Army Corps of Engineers officials were all but shut out of a critical after-action review of the Gold King Mine spill by the Environmental Protection Agency (EPA), a Daily Caller News Foundation investigation has found.
Army Corps authority in the review was stripped after a conversation between officials at the EPA and the Department of the Interior (DOI) – the agency that ultimately led, and botched, the Gold King Mine investigation, despite known conflicts of interest.
The review focused on the August, 2015, EPA-caused disaster that saw an agency crew spill three million gallons of toxic mine waste from Colorado’s Gold King Mine, which poisoned drinking water for three states and the Navajo Nation. An estimated 880,000 pounds of lead, arsenic and other dangerous substances was suspended in the flood of mine waste.
The Army Corps was initially supposed to collaborate with DOI on that report, according to emails obtained by the House Committee on Natural Resources.
“DOI will lead with [Army Corps] in support,” Karen Baker said to Lloyd Caldwell – both Army Corps officials – in an Aug. 16 email. EPA “would like DOI and [Army Corps] leads to meet and develop the scope further.”
The EPA wants “to remove itself from directing the process as soon as possible, so as to retain the independent nature of the study,” Baker continued. The EPA stayed involved, and soon downgraded the Army Corps role in the Gold King Mine review.
“Received a call from Dana Stalcup at EPA … they wanted to check in with us on a slightly different approach,” Baker wrote to Caldwell, just hours after her previous email. “EPA has had further exchanges with DOI this afternoon on the scope of the study.”
Stalcup is a director in EPA’s Superfund office.
“DOI is asking to lead study and enlist [Army Corps] support in peer review,” Baker continued. “Apparently, DOI has a study protocol they use to investigate such incidents …”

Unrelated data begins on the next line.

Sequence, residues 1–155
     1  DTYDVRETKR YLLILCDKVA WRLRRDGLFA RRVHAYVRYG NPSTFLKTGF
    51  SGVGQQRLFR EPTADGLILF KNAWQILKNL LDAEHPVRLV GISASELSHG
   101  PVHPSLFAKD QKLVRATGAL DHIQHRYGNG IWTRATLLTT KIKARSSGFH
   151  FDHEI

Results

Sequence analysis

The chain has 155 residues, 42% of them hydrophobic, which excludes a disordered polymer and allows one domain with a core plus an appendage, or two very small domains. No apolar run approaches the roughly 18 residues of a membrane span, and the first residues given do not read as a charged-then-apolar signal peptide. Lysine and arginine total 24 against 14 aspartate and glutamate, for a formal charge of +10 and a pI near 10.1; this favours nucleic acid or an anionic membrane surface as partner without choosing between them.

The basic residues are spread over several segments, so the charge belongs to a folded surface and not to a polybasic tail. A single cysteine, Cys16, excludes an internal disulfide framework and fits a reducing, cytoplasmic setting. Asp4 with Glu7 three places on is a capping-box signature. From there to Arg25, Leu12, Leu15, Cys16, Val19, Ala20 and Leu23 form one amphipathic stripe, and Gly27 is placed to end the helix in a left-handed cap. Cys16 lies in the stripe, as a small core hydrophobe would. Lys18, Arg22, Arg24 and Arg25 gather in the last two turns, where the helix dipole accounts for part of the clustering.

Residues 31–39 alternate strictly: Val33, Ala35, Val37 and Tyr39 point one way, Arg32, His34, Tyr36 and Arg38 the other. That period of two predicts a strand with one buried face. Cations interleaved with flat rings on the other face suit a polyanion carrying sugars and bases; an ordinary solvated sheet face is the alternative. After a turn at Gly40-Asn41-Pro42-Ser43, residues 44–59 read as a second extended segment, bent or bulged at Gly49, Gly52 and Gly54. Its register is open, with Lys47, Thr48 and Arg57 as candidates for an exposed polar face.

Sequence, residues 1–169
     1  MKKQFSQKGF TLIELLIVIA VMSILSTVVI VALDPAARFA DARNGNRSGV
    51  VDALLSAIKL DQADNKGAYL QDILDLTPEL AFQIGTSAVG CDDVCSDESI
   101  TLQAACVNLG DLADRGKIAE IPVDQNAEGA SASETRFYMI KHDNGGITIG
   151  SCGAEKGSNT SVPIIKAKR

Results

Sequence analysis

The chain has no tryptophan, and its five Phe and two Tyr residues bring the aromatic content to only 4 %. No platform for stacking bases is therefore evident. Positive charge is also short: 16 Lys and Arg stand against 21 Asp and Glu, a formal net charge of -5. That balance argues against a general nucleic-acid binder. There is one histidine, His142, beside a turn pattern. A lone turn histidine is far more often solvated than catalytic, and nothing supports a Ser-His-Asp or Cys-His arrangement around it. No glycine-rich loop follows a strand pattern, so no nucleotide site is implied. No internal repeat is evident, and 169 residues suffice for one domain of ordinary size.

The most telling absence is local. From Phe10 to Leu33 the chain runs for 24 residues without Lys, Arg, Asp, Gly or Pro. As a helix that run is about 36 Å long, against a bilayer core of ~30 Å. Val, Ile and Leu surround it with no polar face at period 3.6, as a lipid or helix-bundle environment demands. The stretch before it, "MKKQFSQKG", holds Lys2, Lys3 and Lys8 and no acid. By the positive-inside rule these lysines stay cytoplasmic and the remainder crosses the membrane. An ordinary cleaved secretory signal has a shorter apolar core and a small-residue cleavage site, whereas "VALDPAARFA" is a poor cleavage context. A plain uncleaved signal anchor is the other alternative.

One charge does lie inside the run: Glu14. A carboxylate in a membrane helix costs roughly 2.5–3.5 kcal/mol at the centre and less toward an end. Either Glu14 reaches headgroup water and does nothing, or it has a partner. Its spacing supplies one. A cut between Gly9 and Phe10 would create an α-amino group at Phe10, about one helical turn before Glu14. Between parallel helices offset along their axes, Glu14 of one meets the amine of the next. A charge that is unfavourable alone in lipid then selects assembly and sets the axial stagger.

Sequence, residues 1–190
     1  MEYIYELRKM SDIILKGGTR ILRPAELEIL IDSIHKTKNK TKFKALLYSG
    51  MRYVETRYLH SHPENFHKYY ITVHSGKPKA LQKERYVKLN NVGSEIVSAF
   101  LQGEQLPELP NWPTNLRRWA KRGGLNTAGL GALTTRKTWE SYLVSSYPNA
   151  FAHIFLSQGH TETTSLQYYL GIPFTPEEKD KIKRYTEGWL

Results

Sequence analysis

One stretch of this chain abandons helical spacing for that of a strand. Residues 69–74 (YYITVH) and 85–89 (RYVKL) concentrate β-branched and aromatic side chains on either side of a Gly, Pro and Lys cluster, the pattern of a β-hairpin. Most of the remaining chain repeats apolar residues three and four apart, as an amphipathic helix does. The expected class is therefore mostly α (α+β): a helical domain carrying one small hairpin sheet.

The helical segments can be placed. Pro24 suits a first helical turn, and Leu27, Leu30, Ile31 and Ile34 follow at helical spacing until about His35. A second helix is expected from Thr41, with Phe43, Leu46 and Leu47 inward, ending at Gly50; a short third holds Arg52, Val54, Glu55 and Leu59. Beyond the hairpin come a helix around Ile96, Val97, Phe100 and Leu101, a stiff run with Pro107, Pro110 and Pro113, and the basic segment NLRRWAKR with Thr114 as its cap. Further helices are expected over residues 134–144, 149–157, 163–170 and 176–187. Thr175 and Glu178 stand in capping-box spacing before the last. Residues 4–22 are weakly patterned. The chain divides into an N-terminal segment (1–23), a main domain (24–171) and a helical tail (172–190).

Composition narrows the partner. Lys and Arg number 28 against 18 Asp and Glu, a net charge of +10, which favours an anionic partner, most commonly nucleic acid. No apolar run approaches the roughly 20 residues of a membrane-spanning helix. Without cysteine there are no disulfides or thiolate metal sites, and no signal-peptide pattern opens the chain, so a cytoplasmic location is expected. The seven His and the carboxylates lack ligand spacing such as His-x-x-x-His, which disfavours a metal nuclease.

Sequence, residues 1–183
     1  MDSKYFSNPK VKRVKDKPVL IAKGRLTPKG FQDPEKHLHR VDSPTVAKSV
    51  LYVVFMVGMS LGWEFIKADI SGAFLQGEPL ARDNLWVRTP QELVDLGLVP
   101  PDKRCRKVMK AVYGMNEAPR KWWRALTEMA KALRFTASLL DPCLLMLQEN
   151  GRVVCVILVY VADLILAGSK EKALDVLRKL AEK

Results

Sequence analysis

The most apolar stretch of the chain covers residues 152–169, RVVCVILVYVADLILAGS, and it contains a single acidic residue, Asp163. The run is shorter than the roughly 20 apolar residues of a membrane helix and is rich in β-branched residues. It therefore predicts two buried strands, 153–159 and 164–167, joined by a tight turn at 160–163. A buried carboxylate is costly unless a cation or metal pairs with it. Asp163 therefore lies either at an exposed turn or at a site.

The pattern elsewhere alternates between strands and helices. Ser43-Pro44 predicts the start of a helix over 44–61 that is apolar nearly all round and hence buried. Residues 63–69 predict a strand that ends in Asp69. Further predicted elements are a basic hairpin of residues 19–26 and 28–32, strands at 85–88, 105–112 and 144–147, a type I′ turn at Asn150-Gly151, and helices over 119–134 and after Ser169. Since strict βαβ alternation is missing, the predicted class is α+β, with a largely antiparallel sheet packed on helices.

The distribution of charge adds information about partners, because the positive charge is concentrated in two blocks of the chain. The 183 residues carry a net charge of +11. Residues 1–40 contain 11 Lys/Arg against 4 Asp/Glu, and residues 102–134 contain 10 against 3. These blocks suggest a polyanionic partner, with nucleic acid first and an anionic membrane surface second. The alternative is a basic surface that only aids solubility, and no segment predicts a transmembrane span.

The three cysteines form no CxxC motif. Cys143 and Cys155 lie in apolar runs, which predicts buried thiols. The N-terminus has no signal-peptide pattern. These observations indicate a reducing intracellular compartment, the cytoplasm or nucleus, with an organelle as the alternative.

Army Corps, however, had already developed potential topics to probe, and its lead reviewer was highly experienced in similar investigations, documents obtained by TheDCNF show. DOI’s final scope for the Gold King Mine review, in fact, nixed crucial topics Army Corps planned to examine, including the root cause of the spill.
Additionally, the EPA knew DOI was riddled with numerous conflicts of interest, including owning part of Gold King Mine that had leaked acid waste for decades, TheDCNF previously reported. (RELATED: EPA Advisor Wrote ‘Independent’ Review Of Gold King Mine Spill)
The EPA even considered holding DOI liable for pollution in the region – likely due to that ownership – as recently as Aug. 21, just five days after Baker’s email, documents obtained by TheDCNF show. The EPA has since let DOI off the hook for the pollution, though it’s unclear when that occurred.
Army Corps lead reviewer Richard Olsen was concerned his team would be unable to conduct a thorough review in their downgraded role.
“My worry is the limited scope and responsibilities for the [Army Corps] review,” Olsen wrote to Baker in an Aug. 18 email obtained by TheDCNF. “I had thought the [Army Corps] review effort would have included some overview efforts during the 60 day investigation work as in office progress meetings and a site assessment.”
“This type of review is only as good as statements and figures in a report,” he continued. “If major issues are found during review of a completed report then it’s never possible to redirect or refocus efforts.”
Olsen’s fear was ultimately justified, as he threatened to withhold his signature as a peer reviewer unless his comments criticizing the investigation’s failure to assign blame were added to the report. (RELATED: EPA’s Gold King Mine Explanations Leave Gaping Holes)
Gold King Mine’s reviewers were ordered to “stay clear” of investigating negligence, DOI’s Thomas Luebke told Olsen in an Oct. 16 email. Luebke did not respond when Olsen asked who issued that command.
Regardless, the report was intended to investigate negligence, EPA Administrator Gina McCarthy told the Natural Resources Committee, though Secretary of the Department of the Interior Sally Jewell later told the panel her agency was only supposed to review technical issues.
EPA’s Stalcup later obstructed the agency’s inspector general investigation of Gold King Mine, according to the Natural Resources committee. Stalcup was one of just a few agency officials involved in a strange interview with the EPA chiefs heading Gold King Mine work. (RELATED: Is EPA Trying To Sabotage Its Gold King Mine Blowout Investigation?)
In a related development since the disaster, EPA has proposed to make Gold King and 47 other mines a Superfund site. The spill was the last straw that convinced locals to accept the Superfund listing, though the agency had previously resorted to scare tactics, TheDCNF reported.
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